Major General Kenneth Ekman reaffirmed U.S. support for the Syrian Democratic Forces (SDF) as the opposition troops complete a second phase of operations against Daesh.
“Overall the SDF is a strong, capable force and we are committed with our partnership with them,” he said at a press conference Wednesday.
According to Ekman, ISIS/Daesh has a “residual presence” in rural areas of Syria, roving mountains and caves as a “low-level insurgency,” a significant regression from its stated goal of establishing an Islamic regime.
“That’s what keeps us there, by the way,” Ekman said. While ISIS no longer holds territory, it still poses a threat to local Syrians and has intensified anti-civilian attacks in recent months.
“What we do … is seek them out wherever they seek sanctuary to eliminate them.”
On Friday, the Kurdish-led SDF launched phase two of “Deterrence of Terrorism,” a four-day campaign to target ISIS cells in the northern countryside. The operation came at the request of concerned civilian leaders in the region for increased stability, according to Deir Ezzor Military Council spokeswoman Lilwa al-Abdulla.
The #SDF “Deterrence of Terrorism” (Phase 2) operation to bust ISIS terrorists networks continues in southern Hasakah & Deir ez Zor provinces. Great progress. @vvanwilgenburg has details in @K24English. ???????????? Follow: @cmoc_sdf @CJTFOIR @SOJTFOIR for updates. #DefeatDaesh https://t.co/G7tZZzenEr pic.twitter.com/M63X9sDIuQ— OIR Spokesman Col. Myles B. Caggins III (@OIRSpox) July 19, 2020
U.S. troops supported the operation with “advising, intelligence sharing, and occasionally partnered special operations,” spokesman and Col. Myles Caggins told Voice of America (VOA).
The SDF website reported a successful campaign. SDF forced captured 31 terrorists, including a senior ISIS official, and confiscated weapons, equipment and a storehouse containing more than one thousand mortar sells.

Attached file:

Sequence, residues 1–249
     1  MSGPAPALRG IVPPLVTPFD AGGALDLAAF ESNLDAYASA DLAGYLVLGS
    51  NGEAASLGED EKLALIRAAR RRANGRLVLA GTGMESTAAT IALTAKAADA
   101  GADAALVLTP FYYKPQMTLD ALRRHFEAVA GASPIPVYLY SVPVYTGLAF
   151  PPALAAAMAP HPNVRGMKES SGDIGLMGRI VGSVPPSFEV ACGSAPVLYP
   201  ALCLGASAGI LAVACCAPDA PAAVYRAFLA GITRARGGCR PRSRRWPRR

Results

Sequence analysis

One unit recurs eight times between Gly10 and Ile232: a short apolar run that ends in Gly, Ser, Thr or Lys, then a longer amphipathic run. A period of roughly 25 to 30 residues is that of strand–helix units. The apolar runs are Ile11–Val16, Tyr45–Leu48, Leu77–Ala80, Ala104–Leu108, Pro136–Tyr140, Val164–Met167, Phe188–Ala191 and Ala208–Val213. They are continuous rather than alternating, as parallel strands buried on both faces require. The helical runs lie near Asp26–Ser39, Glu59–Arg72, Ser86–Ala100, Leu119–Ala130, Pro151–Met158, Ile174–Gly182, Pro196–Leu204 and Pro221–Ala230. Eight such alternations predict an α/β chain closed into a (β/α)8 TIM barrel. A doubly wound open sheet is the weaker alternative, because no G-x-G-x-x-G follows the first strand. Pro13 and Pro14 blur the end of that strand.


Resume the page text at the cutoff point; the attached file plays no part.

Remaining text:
Syrian and coalition forces conducted the first phase of “Deterrence of Terrorism” in early June, resulting in the capture of 110 ISIS members.
“This military campaign “might help to disrupt IS attacks to some degree, but I think we are going to be stuck with a ‘steady-state’ IS insurgency in the province at best,” Aymenn Jawad al-Tamimi, a Syria researcher at Swansea University in the U.K., told VOA.
Ekman confirmed ISIS’ status in the press briefing, explaining that complete eradication of ISIS is neither possible nor the goal of the coalition forces in Iraq and Syria. The U.S. mission remains to restrict ISIS from acquiring territory and terrorizing the local people.
However, many officials and analysts are concernced that infighting among the Kurdish opposition troops, as well as conflict between Russia and the coalition units, may not effectively stabilize the region.
Forces with various national interests interact every day, according to Ekman. The U.S. and Russia have established “protocols” to ensure “deconfliction,” and Ekman claims they have had no major incidents.
A soldier for Operation Inherent Resolve, the U.S. campaign against ISIS, died in what appears to be a vehicle accident while on a standard patrol Tuesday.
“Initial reports indicate the incident was not due to enemy contact,” the mission said in a statement. “The incident is under investigation.”
Four U.S. soldiers have died in hostile interactions this year and five in accidents under Operation Inherent Resolve.